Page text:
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Check Your Occupation Type – Private

Answer 2:

You will not have a tenancy but a residential license.  This means that you will not have the same rights as tenants do. 

For more information on the differences between tenancies and licenses (and also an explanation of ‘exclusive occupation’ and the case of Street v. Mountford) – see the article here.


Sham licenses

Landlords, often in HMOs and in ‘rent to rent’ situations (ie where someone rents a property specifically to sublet it out, sometimes without the property owners knowledge or permission), will often tell occupiers that they have a license when in fact, in law they have a tenancy.  These ‘sham licenses’ are unlawful and there have been successful prosecutions based on this.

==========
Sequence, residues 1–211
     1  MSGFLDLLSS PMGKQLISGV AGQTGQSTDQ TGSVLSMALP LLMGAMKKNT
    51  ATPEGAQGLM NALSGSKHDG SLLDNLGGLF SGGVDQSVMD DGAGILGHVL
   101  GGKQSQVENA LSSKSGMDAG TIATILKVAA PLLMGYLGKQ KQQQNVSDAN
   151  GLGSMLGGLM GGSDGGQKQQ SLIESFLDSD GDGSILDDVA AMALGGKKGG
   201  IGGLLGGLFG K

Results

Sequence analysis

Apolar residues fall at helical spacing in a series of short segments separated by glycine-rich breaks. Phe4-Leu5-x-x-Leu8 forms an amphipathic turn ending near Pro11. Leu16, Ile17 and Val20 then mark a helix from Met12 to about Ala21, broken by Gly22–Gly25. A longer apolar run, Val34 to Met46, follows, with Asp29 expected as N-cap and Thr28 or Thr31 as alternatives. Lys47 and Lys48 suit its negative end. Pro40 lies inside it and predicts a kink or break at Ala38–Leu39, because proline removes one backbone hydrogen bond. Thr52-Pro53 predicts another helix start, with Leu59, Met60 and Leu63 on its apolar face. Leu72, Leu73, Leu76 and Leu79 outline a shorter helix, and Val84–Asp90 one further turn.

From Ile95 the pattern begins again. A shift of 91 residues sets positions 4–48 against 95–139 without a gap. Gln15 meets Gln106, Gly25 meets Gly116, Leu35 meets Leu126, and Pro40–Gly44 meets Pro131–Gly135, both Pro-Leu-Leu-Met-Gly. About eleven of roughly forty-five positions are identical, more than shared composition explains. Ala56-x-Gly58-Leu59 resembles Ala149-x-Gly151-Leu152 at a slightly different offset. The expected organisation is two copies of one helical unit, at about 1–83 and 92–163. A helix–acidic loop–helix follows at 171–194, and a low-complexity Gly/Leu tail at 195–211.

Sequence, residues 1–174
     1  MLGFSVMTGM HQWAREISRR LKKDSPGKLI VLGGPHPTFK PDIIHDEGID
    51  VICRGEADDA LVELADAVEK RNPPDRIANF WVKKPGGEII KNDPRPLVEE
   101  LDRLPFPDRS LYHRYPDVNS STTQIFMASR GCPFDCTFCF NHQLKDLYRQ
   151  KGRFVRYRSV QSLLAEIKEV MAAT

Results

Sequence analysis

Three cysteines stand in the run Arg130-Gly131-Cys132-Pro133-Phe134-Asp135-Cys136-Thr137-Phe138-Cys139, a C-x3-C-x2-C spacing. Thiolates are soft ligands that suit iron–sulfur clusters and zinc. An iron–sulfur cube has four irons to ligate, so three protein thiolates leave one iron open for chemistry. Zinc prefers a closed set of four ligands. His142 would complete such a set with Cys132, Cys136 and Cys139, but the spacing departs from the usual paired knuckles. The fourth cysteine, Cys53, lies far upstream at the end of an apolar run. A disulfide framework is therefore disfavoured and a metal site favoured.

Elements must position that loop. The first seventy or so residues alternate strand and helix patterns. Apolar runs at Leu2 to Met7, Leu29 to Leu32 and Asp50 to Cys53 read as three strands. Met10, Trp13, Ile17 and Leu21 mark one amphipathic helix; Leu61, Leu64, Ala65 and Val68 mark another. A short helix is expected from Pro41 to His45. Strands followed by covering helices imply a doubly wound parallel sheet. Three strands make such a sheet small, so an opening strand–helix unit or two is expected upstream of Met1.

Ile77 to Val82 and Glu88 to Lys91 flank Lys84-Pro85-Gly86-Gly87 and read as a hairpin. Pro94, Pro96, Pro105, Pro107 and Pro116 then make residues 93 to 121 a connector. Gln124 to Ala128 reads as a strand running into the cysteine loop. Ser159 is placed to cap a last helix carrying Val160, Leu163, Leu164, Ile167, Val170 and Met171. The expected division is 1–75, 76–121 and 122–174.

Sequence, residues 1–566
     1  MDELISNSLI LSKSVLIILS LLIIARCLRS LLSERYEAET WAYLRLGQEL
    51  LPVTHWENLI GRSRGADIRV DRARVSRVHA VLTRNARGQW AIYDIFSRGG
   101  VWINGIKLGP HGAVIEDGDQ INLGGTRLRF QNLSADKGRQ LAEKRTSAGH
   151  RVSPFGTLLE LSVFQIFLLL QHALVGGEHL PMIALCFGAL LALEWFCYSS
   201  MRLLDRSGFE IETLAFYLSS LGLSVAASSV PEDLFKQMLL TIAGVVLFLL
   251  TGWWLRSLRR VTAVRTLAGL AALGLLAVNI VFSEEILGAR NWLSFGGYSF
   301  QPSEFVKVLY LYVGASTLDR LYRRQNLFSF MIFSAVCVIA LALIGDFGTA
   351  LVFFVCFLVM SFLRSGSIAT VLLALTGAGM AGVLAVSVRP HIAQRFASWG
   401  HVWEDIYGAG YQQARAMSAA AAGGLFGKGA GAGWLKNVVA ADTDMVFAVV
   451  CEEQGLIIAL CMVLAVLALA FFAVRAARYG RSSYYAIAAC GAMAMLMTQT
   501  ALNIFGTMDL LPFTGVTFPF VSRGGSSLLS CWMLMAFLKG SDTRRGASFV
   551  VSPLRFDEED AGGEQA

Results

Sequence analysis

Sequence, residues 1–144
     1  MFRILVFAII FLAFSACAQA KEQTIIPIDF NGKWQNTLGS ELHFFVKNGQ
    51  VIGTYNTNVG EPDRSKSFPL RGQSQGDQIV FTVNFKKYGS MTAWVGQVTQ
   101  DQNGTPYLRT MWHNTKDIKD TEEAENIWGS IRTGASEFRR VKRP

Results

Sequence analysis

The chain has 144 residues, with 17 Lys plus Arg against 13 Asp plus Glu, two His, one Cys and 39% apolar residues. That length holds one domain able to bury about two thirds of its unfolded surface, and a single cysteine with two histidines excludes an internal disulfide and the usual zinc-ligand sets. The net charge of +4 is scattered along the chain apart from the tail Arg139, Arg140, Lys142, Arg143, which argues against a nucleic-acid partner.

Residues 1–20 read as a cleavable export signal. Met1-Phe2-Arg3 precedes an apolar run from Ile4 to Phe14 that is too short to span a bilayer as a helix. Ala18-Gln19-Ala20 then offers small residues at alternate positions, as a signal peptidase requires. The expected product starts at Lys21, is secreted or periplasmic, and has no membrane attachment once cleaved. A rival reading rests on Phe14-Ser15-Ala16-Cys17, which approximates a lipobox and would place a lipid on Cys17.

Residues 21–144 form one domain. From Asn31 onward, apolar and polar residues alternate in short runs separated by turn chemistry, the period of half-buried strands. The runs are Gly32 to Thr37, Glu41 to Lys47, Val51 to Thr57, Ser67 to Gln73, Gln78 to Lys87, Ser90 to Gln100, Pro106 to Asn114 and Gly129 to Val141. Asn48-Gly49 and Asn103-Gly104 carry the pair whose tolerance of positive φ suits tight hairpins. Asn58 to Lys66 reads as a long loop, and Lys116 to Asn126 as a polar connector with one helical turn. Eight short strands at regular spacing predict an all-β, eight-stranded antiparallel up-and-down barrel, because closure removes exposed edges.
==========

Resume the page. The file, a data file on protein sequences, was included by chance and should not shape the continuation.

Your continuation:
Sometimes this is a deliberate deception by the landlord.  However, sometimes it is down to the landlord’s ignorance of the law.

Usually, the deciding factor is whether you have ‘exclusive occupation’.  For example, even if your tenancy agreement says that your landlord is entitled to enter your rented property, eg to provide cleaning services, if in fact this never happens, then in most cases, you will have a tenancy

This was settled in the landmark House of Lords decision in  Street v. Mountford in 1985. 

If after reading our article, you are still confused about whether you have a tenancy or not, you can use our telephone advice service or one of the organisations in our further advice services page.


Lodgers have fewer rights that most licensees as they are living in their landlords own home.  For example, the landlord does not need to get a court order for possession, so long as they are not acting in breach of the terms of the lodger’s contract.  

Would you like to speak to a solicitor about this?

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